Food or fuel?

June 22, 2022

In this report from Jesuit Missions UK, Francisca Marques reveals how many countries are putting biofuels ahead of starving people at a time of extreme global food insecurity

By Francisca Marques Jesuit Missions Journalist

The fact that food such as wheat, maize and oilseeds can be converted into fuel for cars and machines may surprise most people. Biofuel presents itself as an alternative to the very polluting fossil fuels, which undoubtedly have benefits in a world facing serious climate problems. However, the development of this industry has posed new challenges that are acute now more than ever when the world is facing a global food crisis.  

If biofuel was produced using non-edible food waste, it could be a very effective solution. However, biofuel is made from ingredients which are essential for the food security of millions of people. Therefore, at a moment when people all over the world are facing major challenges to feed themselves, maintaining the high production of biofuel might lead to disaster.  

“Human beings are more important than fuel”

Kevin Ouko is the Research and Policy Analyst at the Jesuit Justice and Ecology Network in Africa (JENA) and has been following issues relating to food and fuel closely. During an interview with Jesuit Missions, Ouko explains that things can get very bad very soon in all of Africa, including Kenya, where he is currently.

“Global food crisis has been aggravated by the climate change issues, the ongoing Russia-Ukraine war and the Covid-19 pandemic”, says the expert. A statement in line with United Nations Secretary-General Antonio Guterres’ view that “…the war, together with other crises, could unleash an unprecedented wave of hunger and economic collapse around the world”.  

Guterres called for the flow of food and grain from Ukraine and Russia to continue so that the supply chain of wheat and maize might stabilise. Yet, at the same time this appeal is being made, many G7 countries – who will be meeting from 26 June in Germany – are buying the remaining wheat for use in the production of biofuels.

Europe is currently changing 10,000 tonnes of wheat – the equivalent of 15 million loaves of bread – into ethanol for use in cars every day.

No doubt biofuels play an important role in the transition to a low-carbon economy, however, the choice being made by many countries is putting cars ahead of people. “The debate over food versus fuel has been going on since the early 2000s when fuel production from food stock began. Since then, the production has been increasing significantly, but no one wants to acknowledge the challenges it poses”, states Kevin Ouko, concluding that “human beings are more important than fuel. We must look at the trade-offs of producing biofuel”.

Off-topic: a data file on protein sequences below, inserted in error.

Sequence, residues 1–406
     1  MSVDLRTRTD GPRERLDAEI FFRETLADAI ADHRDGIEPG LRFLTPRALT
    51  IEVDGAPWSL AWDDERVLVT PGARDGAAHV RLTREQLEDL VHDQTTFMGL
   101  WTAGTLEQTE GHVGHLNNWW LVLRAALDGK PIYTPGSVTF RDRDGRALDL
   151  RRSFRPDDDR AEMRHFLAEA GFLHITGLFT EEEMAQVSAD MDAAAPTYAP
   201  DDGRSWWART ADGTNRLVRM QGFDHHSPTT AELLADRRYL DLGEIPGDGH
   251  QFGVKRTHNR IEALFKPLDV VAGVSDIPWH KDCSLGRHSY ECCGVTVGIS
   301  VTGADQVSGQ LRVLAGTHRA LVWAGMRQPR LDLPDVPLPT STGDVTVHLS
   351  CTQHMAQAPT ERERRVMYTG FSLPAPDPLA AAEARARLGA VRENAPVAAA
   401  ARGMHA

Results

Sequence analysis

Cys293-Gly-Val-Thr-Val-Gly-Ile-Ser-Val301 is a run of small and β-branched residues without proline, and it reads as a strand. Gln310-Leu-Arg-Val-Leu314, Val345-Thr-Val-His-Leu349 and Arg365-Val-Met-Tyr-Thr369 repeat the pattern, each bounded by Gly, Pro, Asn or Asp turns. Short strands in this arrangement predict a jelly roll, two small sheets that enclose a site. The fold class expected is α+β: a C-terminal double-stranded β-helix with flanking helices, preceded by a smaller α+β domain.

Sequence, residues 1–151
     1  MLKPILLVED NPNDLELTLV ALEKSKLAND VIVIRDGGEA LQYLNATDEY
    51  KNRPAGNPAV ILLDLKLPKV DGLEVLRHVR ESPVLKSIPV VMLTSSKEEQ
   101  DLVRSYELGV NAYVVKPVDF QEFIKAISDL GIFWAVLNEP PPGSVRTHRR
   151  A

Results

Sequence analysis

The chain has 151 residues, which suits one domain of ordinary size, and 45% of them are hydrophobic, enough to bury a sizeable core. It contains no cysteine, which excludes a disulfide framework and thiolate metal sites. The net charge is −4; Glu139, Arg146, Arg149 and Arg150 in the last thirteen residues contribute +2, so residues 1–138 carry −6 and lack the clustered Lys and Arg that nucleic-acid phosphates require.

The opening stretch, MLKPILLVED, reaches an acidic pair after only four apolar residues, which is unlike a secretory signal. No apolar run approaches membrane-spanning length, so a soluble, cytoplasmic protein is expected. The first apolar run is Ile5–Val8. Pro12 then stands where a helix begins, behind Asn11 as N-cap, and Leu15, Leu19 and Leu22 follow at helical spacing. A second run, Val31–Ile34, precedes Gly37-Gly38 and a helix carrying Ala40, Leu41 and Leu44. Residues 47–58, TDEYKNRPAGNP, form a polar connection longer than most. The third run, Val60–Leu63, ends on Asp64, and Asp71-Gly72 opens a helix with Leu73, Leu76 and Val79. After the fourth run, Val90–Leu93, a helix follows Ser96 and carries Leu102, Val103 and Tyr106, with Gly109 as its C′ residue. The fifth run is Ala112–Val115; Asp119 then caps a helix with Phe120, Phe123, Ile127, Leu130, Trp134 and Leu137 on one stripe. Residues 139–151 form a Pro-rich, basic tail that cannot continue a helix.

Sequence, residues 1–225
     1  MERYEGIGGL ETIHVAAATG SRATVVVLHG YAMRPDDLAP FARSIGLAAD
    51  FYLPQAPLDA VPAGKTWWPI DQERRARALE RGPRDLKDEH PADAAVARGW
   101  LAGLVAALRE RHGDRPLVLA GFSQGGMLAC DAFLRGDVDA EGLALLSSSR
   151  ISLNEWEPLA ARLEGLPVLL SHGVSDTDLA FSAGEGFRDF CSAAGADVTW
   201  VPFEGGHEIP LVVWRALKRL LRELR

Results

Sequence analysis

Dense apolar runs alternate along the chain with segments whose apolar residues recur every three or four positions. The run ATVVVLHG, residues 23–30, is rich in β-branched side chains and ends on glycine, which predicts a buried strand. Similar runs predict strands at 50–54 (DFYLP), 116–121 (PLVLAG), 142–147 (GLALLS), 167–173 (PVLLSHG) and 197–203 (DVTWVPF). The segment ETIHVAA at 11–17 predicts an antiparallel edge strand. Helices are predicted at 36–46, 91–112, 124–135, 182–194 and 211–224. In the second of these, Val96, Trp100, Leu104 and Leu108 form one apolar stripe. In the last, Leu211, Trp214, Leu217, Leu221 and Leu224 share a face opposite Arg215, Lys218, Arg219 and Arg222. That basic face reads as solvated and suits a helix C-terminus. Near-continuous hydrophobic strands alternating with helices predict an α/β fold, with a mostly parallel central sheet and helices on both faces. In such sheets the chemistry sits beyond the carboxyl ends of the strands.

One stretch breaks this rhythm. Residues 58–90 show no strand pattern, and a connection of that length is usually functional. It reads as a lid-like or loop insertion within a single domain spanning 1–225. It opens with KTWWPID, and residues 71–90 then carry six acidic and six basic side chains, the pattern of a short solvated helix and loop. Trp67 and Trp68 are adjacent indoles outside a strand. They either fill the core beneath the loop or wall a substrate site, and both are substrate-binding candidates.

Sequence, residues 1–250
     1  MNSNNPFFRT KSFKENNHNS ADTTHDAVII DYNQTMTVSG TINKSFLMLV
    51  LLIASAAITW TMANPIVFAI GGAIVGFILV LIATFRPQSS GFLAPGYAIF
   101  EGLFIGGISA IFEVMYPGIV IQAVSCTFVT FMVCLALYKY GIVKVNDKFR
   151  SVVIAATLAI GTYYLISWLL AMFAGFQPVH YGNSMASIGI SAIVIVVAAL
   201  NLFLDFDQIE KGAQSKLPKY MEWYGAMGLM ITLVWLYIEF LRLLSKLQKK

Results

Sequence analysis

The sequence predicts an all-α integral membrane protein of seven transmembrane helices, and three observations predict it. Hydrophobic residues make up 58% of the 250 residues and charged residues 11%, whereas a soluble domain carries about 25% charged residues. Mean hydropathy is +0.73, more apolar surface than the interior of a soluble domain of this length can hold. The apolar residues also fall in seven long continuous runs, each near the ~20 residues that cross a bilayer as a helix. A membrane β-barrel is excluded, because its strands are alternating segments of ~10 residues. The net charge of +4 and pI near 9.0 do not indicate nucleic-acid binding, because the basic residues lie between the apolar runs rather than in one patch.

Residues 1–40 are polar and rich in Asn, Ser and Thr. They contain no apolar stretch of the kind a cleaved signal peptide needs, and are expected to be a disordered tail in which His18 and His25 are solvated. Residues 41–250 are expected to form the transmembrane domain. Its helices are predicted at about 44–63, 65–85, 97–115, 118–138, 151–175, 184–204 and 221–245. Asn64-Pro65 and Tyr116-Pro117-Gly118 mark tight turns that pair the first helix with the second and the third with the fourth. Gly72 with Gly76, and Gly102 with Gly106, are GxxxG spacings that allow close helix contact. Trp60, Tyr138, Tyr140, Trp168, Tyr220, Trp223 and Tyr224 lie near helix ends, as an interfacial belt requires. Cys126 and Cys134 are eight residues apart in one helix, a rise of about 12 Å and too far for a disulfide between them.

“It will not take much more time, before people starve”

Worldwide, there is a great deal of concern over the global food crisis. Jesuit Missions received very worrying reports from our partners in Burundi and Malawi. “Our resources have not increased, but prices have gone up. It will not take much more time before people starve. I would say that life, in general, has become more difficult”, reveals Fr Verdaste, from the Service Yezu Mwiza.

In Malawi, a large part of the economy relies heavily on Russia and Ukraine, as well as the US, for its wheat. According to the Projects Officer at Jesuit Centre for Ecology and Development in Kasungu, the country imports two thirds (Laborde and Pineiro, 2022) of its wheat from Russia and Ukraine. “If the country does not find alternate suppliers, severe shortages are expected”, states Martha Piri. This may lead to the question of whether all food should be dedicated to feeding people instead of producing fuel.

And as usual, poor people are the most affected by economic hardships.

According to Phiri, “maize prices will have a much greater impact on the poor, as a source of 68% of calories and approximately 36% of total food purchased”. 

There have been several organisations raising awareness about this issue, including Jesuit Missions, which has launched its “Food not Fuel” campaign. This is a petition which is urging the British Prime Minister to discuss this topic during the 48th G7 summit, which takes place between June 26th and 28th.

Please join Jesuit Missions' Food Not Fuel campaign and sign the petition.

To find out more about the work of Jesuit Missions UK please click here.

Photo by Tomasz Filipek on Unsplash

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